• Errors in completing absentee ballots or delayed delivery could disenfranchise thousands of voters
  • High ballot rejection rates could be especially significant in battleground states
  • The Trump campaign is out to make the administration of the election as difficult as possible, Democrats charge

President Trump has been attempting to sow distrust in widespread mail-in voting for months, claiming without evidence it could lead to widespread fraud and complaining it could delay election results for days if not months. But the real problem, especially in battleground states, could be a high rejection rate of absentee ballots.

Trump wants to muddy the waters further. He suggested last week in North Carolina that voters vote twice – once by mail and then again on Election Day – to test the system.

Guy Cecil, chairman of Democratic super PAC Priorities USA, told reporters the Trump campaign is going to make the administration of the election as difficult as possible.

An Associate Press analysis of rejected ballots during this year’s primaries indicates three times as many voters could see their ballots rejected in key states compared to 2016, with the problem most pronounced in urban areas.

Thousands of absentee ballots are rejected every election for arriving late, lack of voter signatures or discrepancies between the signature on the ballot and what election officials have on file. When considering as many as half the votes cast in November could be mailed in, the danger of disenfranchisement multiplies – especially in Democratic strongholds with surveys indicating Democrats are more likely than Republicans to opt for remote voting.

Although all states have allowed absentee voting on a limited basis, five – Colorado, Hawaii, Oregon, Utah and Washington – have conducted all-mail elections for years while half the states allow voters to request an absentee ballot for any reason.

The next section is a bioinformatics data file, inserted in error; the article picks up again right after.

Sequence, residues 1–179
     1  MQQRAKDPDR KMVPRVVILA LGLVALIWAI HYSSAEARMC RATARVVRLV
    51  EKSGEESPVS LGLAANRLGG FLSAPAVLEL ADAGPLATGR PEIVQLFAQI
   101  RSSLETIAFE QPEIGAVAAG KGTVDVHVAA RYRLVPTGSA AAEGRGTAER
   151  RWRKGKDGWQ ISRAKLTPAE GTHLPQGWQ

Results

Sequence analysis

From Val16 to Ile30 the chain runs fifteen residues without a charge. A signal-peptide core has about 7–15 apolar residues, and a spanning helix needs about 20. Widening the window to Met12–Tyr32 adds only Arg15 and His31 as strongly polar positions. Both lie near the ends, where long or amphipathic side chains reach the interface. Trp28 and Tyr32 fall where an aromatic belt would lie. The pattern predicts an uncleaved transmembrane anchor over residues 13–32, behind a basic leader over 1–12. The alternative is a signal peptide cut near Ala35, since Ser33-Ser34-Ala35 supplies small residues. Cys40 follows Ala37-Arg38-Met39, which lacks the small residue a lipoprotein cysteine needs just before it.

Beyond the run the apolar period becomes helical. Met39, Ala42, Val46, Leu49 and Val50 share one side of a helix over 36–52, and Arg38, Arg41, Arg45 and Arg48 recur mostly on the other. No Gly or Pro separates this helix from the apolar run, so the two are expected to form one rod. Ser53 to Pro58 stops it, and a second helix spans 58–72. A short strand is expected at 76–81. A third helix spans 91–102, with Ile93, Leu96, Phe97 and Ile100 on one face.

Twenty-two states expanded the option this year in the face of the coronavirus pandemic, with five of them – California, Montana, Nevada, New Jersey and Vermont – sending ballots out automatically to most voters and the other 17 sending out applications for absentee ballots. Only six states – Texas, Louisiana, Mississippi, Tennessee, Indiana and South Carolina – require an excuse beyond coronavirus to vote absentee.

“There could be a lot of people who are voting this way for the first time, and they tend to make the errors that lead to lost votes,” Larry Norden, an elections expert with the Brennan Center for Justice, told the AP.

Some states, including Michigan and Pennsylvania, are precluded from processing absentee ballots until Election Day, making it impossible for voters to be contacted to fix any errors. Postal service delays also could play a significant role.

Michigan Secretary of State Jocelyn Benson said on “Meet the Press” Sunday Election Day could turn into election week.

“The bottom line is we are not going to have the full results and a counting of all of our ballots on election night. We already know that. We've asked the legislature to make changes to the laws to give us more ability to be prepared and count those ballots more efficiently,” but no action was taken, she said.